Jamaica swimmer tops world competition
JAMAICA'S Alia Atkinson continued her magnificent displays on the globalswimming tour, as she went close to the world record and won a gold medal and a bronze on the final day of competition at the FINA World Cup in Singapore recently.
The successes, added to her 100m breaststroke win on first day of action, made Atkinson the top performer in Singapore after finishing with two gold medals and a bronze at this the sixth of eight legs in the 2013 FINA World Cup.
She had recorded 1:03.48 for her victory in the 100m breaststroke still short of her world-best 1:02.91 recorded in Dubai. The world record is 1:02.36.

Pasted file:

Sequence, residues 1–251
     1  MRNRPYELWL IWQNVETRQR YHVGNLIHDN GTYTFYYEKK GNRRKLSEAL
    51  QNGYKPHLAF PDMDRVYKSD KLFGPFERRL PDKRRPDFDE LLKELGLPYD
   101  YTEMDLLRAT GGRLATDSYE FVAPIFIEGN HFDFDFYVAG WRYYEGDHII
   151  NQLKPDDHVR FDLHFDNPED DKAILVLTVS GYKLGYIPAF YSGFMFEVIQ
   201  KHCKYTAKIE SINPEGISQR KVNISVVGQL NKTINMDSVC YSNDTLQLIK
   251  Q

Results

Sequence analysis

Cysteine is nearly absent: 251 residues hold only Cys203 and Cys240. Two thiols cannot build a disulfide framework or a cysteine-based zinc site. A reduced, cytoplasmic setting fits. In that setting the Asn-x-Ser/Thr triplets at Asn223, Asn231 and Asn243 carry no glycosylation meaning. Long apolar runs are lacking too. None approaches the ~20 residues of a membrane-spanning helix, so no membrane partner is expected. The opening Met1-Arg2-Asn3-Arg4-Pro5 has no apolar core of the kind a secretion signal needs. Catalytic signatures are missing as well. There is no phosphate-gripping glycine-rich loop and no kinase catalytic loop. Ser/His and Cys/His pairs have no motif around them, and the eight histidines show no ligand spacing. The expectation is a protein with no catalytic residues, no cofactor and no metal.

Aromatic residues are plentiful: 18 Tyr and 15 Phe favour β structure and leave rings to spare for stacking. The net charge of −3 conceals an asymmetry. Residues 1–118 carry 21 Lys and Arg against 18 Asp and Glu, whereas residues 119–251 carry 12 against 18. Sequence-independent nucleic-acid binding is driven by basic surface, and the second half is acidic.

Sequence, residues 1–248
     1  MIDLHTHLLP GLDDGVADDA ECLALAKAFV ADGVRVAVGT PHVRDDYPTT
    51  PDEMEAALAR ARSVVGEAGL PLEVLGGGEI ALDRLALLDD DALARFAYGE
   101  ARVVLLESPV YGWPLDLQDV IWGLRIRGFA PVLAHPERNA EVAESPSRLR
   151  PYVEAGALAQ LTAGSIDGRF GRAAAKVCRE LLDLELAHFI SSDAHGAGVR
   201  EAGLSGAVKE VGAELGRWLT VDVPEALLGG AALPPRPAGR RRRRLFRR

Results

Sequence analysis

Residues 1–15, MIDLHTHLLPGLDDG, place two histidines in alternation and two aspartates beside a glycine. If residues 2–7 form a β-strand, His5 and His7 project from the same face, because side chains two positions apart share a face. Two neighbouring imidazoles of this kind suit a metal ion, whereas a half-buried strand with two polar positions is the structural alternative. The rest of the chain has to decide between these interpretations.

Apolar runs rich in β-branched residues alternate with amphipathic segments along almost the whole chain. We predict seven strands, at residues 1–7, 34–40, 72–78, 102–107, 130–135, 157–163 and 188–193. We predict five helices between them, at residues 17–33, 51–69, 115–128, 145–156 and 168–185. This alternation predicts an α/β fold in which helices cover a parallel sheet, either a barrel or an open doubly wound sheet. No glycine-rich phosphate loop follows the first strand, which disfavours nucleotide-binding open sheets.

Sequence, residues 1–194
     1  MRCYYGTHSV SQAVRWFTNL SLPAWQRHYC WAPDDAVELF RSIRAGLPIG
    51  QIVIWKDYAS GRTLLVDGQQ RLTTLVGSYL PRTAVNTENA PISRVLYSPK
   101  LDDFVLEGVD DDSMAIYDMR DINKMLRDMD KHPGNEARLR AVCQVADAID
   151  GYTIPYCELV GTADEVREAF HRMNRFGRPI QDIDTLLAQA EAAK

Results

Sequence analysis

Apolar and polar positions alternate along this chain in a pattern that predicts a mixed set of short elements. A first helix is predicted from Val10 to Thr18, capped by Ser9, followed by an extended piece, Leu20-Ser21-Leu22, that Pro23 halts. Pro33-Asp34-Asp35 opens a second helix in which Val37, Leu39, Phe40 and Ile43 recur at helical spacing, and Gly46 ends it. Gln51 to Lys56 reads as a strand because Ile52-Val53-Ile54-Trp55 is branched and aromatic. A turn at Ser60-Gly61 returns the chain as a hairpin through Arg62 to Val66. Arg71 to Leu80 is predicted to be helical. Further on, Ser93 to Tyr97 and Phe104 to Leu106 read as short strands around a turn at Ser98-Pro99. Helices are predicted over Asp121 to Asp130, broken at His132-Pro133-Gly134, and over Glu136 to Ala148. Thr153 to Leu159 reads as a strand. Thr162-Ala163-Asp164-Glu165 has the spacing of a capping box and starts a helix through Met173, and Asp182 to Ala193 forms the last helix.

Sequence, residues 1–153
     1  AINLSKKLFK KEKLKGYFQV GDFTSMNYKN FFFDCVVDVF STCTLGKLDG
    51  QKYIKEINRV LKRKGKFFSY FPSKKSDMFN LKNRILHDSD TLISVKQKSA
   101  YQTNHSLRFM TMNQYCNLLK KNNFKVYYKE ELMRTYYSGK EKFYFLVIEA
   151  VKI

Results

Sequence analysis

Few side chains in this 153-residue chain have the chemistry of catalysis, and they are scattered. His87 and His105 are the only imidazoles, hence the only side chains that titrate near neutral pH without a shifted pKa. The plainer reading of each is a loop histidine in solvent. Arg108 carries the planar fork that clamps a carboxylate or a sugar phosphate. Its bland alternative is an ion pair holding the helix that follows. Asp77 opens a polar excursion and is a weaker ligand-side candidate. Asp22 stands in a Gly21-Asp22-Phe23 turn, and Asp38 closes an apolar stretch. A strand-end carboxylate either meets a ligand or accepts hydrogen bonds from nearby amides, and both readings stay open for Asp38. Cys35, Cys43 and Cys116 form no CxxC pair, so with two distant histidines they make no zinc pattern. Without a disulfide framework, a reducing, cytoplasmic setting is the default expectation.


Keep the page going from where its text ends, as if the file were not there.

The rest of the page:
Atkinson first won gold in the 50-metre breaststroke, topping the event in a personal best 28.94 seconds, which is 0.14 outside the world best held by American Jessica Hardy. She finished ahead of reigning world championIuliia Efimova of Russia, who got the silver in 29.25. Germany's Dorothea Brandt was third in 30.39.